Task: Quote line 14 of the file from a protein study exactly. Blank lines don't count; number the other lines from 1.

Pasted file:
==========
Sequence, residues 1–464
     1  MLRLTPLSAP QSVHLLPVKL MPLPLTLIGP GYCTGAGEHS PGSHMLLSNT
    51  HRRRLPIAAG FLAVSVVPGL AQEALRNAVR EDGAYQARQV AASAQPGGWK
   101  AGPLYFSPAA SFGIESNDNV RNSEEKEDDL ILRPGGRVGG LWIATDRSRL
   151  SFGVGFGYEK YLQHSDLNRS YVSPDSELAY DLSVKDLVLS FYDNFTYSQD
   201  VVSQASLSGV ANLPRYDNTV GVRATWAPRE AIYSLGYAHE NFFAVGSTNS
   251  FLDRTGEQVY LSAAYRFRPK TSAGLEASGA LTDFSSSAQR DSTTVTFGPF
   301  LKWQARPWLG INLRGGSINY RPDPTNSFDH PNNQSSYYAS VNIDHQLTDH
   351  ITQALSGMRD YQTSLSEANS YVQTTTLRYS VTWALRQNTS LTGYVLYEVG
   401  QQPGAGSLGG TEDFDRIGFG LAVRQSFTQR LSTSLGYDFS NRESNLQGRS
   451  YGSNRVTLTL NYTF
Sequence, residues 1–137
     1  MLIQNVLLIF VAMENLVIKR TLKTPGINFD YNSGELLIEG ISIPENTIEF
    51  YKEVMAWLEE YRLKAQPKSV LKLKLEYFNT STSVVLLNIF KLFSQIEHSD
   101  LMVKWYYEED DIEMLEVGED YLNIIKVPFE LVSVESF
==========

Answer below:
    51  YKEVMAWLEE YRLKAQPKSV LKLKLEYFNT STSVVLLNIF KLFSQIEHSD